'But the government has yet to demonstrate they are not just slogans,' Professor Zhu said, adding that the biggest challenge remained how to practise what the leadership was preaching. 'The credibility of the government should be assessed by the masses; it cannot be improved by simply putting forward new slogans and theories.'
He said it had long been a tradition for Chinese rulers to present lofty ideals. 'But due to the lack of the backing of a sound political and economic system, many have never been put into practice, let alone been realised.'
Professor Zhu said he believed the party congress would make progress in accelerating the stalled reform of the political system to meet the party's pledges on balanced development, social harmony and curbing official corruption.
'It is obvious that official corruption remains at the top of the list of public complaints. If the government is not able to root out corruption, there will be no stability or social harmony,' he said.
'It is about time for the authorities to tackle various vested interests. Otherwise, people's confidence in government will be further eroded and eventually lost.'
Professor Zhu warned that leaders must remain sober-minded to escape the dynastic cycle of rise and fall seen repeatedly throughout the country's long history.
He said mainland society would reach a dangerous threshold in about 10 years' time, when per capita GDP reached US$5,000, with international studies casting doubt on the existing political system's capacity to support the country's development after this threshold is reached.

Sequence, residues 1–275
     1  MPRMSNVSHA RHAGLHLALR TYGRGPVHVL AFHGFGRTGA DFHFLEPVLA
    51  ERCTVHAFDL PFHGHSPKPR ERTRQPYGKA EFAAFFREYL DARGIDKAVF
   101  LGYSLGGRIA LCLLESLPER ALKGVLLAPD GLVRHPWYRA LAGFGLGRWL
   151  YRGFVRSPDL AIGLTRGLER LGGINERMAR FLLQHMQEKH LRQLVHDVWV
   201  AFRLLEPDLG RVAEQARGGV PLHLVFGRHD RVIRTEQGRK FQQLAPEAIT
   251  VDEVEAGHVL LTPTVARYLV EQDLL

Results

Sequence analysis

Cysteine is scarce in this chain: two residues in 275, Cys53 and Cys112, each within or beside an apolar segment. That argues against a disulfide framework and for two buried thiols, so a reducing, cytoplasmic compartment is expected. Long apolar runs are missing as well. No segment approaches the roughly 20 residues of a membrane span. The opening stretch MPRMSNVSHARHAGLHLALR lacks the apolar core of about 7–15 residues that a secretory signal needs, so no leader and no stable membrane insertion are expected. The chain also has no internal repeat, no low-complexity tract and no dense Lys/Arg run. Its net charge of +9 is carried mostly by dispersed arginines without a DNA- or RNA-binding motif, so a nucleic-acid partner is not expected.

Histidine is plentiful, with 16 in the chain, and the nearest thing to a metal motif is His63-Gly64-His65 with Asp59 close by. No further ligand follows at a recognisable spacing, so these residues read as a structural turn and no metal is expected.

'We must have the sense of urgency and push ahead with reforms.'
Effective public supervision and checks and balances, tougher punishment and the direct election of representatives to people's congresses at all levels would be key to realising the authorities' pledge to build a clean and efficient government.
'Political reforms will be high on the party's agenda after the national gathering, given its aspiration for a harmonious and well-off society,' Professor Zhu said.
But many are far from convinced.
Analysts pointed out that slogans such as the scientific concept of development and social harmony remain abstract theories and remote goals, with little impact on reality.
The country's environmental degradation had gone from bad to worse, with severe pollution in major waterways, densely populated regions sprouting across the mainland and an increasing number of pollution-triggered protests reported.